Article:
A costly good
Acton Institute Powerblog

A costly good

In the words of the Cornwall Declaration, “A clean environment is a costly good.” A round-up of recent stories attests to the truth of this statement.

Wal-Mart pledged on Tuesday to provide $35 million for use to protect wildlife habitat. Wal-Mart can afford to use this money to “buy an amount of land equal to all the land its stores, parking lots and distribution centers use over the next 10 years” in part because of its economic success, topping the 2004 Fortune 500 list.

The Christian Science Monitor reports on efforts to integrate energy development and environmental stewardship. The push to keep land with energy deposits untouched and pristine amounts to an opportunity cost. Instead, adaptive management attempts to balance economic and environmental concerns. “We’ve got a world-class gas play occurring in the same landscape that is home to world-class populations of wildlife,” says Mr. Belinda, the lead wildlife scientist with the Pinedale office of the BLM [Bureau of Land Management]. “I think we can have both without sacrificing one for the other.”

And finally, we should keep in mind that countries with developing economies are often the ones that do not have the economic strength to implement environmentally-friendly practices. The Cornwall Declaration, when talking about the costly good of a clean environment, states that “growing affluence, technological innovation, and the application of human and material capital are integral to environmental improvement. The tendency among some to oppose economic progress in the name of environmental stewardship is often sadly self-defeating.” Case in point, Huaxi Village in Zhejiang Province, China, in which villagers, many of them elderly, demonstrated against the pollution from nearby factories. According to The New York Times, Wang Yuehe, a villager, said “We can’t grow our crops. The factories had promised to do a good environmental job, but they have done almost nothing.”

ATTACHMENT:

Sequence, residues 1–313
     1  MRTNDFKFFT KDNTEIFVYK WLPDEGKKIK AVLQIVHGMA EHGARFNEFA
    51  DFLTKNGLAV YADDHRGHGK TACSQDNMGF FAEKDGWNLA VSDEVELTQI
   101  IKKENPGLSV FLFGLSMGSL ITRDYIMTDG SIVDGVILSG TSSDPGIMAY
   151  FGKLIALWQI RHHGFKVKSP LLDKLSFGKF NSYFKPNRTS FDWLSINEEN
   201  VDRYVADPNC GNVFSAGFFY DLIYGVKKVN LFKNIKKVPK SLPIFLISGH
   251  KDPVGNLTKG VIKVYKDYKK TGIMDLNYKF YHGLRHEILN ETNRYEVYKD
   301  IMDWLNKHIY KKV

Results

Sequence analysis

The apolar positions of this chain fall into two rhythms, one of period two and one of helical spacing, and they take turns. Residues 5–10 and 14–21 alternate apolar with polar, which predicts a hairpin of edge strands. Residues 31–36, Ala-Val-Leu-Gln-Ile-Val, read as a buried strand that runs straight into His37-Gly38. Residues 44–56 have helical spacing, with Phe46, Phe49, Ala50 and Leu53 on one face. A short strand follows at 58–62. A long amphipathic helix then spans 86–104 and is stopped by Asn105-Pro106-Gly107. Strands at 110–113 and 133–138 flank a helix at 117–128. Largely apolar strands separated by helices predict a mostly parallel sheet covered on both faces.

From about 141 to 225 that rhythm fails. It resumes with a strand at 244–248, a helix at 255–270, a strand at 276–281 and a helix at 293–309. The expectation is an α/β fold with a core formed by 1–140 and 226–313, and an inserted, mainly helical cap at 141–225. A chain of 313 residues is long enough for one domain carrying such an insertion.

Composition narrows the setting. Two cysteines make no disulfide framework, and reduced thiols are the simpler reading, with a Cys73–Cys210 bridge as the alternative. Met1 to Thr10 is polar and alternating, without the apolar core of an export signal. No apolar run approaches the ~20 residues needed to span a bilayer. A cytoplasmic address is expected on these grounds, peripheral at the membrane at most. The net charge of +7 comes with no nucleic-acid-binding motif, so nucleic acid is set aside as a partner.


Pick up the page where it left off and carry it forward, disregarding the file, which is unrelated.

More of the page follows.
Jordan J. Ballor

Jordan J. Ballor (Dr. theol., University of Zurich; Ph.D., Calvin Theological Seminary) is director of research at the Center for Religion, Culture & Democracy, an initiative of the First Liberty Institute. He has previously held research positions at the Acton Institute and Vrije Universiteit Amsterdam, and has authored multiple books, including a forthcoming introduction to the public theology of Abraham Kuyper. Working with Lexham Press, he served as a general editor for the 12 volume Abraham Kuyper Collected Works in Public Theology series, and his research can be found in publications including Journal of Markets & Morality, Journal of Religion, Scottish Journal of Theology, Reformation & Renaissance Review, Journal of the History of Economic Thought, Faith & Economics, and Calvin Theological Journal. He is also associate director of the Junius Institute for Digital Reformation Research at Calvin Theological Seminary and the Henry Institute for the Study of Christianity & Politics at Calvin University.